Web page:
January 1934

The Engineer's New Year


THERE IS a vast amount of joking and insincerity with regard to the making of New Year's resolutions and wishes. These particular vows are held to be as fragile as glass, and, in general, as useless as a tin whistle.

 They are a part of a noisy celebration put on by one in an ir-responsible mood. They are just a part of the "game."
But one approaches this new year of 1934 with some peculiar inner feelings. We are all thinking in terms of longer periods of time than formerly. The trip "Around the corner" has come to be recognized as a curve on a long radius—not a sharp turn in the road. The pavement is broken and rough. In fact, it is missing in many places, and the going is hard and laborious.

We see here and there indications of a letdown in standards of materials and of workmanship. We see the eager pushing forward, and the waiving of recognition of rights of others or of full ethical responsibility that rests upon us whether the way be easy or difficult.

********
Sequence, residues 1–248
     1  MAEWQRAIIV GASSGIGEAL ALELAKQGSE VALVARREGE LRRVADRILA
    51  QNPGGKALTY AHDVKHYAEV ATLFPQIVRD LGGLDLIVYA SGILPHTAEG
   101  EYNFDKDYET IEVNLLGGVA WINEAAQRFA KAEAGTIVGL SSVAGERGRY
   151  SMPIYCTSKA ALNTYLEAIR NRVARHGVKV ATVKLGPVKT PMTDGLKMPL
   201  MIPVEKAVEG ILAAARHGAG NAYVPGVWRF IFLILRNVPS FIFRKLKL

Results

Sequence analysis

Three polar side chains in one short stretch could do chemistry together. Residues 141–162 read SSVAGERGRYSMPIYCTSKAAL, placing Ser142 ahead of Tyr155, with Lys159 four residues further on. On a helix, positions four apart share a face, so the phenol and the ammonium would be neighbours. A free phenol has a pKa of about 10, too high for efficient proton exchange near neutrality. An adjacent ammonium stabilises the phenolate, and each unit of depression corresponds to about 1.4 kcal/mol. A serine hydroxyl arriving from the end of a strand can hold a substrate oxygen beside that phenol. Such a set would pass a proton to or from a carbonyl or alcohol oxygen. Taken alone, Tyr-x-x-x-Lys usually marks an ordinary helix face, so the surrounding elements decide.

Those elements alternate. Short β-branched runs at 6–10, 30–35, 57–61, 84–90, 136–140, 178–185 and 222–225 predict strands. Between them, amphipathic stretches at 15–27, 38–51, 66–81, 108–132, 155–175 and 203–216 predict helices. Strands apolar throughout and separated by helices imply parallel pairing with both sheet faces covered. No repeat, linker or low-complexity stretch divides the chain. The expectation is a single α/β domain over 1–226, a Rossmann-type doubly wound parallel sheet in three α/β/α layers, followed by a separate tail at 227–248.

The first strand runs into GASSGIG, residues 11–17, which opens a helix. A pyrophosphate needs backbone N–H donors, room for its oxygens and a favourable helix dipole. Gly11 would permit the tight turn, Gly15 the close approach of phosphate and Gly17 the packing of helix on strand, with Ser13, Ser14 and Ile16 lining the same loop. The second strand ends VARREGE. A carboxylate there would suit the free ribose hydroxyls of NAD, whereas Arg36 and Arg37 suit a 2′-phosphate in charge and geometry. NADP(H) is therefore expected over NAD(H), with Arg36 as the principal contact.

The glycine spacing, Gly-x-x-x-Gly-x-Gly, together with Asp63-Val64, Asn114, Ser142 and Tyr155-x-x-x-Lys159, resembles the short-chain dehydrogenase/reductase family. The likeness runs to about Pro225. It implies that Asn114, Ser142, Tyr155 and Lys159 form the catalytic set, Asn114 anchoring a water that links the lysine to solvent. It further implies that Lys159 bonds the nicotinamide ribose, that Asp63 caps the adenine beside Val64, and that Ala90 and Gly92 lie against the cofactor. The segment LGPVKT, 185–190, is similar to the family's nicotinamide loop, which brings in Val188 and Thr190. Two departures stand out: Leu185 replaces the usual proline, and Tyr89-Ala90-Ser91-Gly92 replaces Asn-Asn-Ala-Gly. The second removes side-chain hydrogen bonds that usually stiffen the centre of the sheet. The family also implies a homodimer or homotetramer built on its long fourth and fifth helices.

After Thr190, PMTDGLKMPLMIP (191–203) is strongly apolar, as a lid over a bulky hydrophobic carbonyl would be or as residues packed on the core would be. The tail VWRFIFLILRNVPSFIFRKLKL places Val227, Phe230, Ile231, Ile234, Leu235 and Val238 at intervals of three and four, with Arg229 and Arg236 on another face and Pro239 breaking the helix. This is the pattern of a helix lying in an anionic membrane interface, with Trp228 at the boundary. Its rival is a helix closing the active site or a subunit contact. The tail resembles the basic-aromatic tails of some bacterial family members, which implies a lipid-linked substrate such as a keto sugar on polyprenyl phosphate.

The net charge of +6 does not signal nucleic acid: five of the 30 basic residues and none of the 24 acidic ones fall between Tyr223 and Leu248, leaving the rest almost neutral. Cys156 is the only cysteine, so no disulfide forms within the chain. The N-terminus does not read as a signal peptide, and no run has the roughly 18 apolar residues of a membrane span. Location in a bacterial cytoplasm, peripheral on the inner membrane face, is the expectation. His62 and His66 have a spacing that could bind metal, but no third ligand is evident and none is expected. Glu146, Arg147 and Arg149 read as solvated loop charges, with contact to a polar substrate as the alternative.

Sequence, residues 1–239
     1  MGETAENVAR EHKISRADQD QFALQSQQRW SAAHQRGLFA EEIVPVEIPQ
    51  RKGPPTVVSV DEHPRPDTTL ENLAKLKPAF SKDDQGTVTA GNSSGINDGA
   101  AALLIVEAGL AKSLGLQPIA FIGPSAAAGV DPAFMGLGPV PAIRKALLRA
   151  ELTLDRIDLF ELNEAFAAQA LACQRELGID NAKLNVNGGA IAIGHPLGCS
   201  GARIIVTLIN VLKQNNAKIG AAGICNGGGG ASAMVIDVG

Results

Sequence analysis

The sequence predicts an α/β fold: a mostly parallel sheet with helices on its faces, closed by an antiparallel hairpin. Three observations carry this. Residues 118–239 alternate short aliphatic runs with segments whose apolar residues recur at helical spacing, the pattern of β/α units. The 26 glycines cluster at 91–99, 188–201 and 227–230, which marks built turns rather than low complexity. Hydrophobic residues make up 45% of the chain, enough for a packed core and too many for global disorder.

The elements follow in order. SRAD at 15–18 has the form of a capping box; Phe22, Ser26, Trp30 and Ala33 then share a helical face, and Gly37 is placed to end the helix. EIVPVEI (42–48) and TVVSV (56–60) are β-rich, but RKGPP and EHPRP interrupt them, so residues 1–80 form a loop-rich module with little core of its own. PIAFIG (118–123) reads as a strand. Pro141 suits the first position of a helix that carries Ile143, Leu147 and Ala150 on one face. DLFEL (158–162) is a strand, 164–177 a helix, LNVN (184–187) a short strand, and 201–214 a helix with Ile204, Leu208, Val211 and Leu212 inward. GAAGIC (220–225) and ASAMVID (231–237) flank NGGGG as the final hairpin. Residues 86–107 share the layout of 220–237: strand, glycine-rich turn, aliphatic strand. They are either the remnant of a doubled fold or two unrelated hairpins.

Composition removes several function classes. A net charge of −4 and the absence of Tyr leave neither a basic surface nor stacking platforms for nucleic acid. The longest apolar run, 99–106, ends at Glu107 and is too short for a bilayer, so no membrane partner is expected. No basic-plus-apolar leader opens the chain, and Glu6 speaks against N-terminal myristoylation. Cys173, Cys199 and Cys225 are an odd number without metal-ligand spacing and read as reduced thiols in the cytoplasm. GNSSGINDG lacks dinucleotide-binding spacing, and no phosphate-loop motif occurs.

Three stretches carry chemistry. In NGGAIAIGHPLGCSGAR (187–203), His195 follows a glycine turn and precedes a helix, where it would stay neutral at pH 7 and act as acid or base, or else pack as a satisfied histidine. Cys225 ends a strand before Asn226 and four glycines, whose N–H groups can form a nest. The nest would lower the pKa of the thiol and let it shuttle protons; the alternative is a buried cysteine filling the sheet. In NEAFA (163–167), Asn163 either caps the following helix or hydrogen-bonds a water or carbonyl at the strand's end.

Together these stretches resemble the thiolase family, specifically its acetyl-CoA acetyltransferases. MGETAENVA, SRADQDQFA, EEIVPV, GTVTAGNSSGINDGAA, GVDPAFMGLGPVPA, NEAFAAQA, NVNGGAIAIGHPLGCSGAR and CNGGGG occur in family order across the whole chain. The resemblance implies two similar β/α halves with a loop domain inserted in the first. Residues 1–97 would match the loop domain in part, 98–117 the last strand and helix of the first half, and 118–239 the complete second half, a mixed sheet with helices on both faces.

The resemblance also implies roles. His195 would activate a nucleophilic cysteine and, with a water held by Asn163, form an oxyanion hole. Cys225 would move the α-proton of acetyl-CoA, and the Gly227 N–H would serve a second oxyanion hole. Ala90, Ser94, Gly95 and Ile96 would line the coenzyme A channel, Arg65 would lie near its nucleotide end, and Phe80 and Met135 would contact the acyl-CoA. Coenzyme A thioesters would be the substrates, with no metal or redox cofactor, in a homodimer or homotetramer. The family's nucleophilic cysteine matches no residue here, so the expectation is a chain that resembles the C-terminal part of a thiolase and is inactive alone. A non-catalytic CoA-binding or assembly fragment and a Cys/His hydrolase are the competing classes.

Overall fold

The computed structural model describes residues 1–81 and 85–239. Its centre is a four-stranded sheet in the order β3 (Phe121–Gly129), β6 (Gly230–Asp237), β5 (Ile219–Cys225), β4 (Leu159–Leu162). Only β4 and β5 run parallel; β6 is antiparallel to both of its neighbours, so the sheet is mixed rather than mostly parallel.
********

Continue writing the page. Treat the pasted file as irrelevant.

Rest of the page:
In times of stress and hardship, there is always  a tendency to revert to the aphorism that "Might makes right," and to the belief that the standards of human conduct which we have laboriously built up are too limiting. We are much too likely to emphasize the expediency of a procedure, and to test it by the immediacy of its results.

Engineers see new values being placed upon large construction projects throughout the country; new balances being proclaimed between favorable and unfavorable statistical data; new approaches being made toward disregard of property rights; new estimates of the relative values of technical soundness and emergency.

It is granted that these present-day reconsiderations should be our prime concern. Rut let each engineer resolve that be will retain and exercise his right of independent Judgment upon principles of humanitarianism, and of economics; of social welfare and of technical requisites. Let him determine more firmly than ever, before that the ethics of human conduct demand this of him. While he willingly may go far upon the thesis that social morale is worth a great price, let him not lose sight of his duty to limit the price paid, to the necessary and sufficient minimum.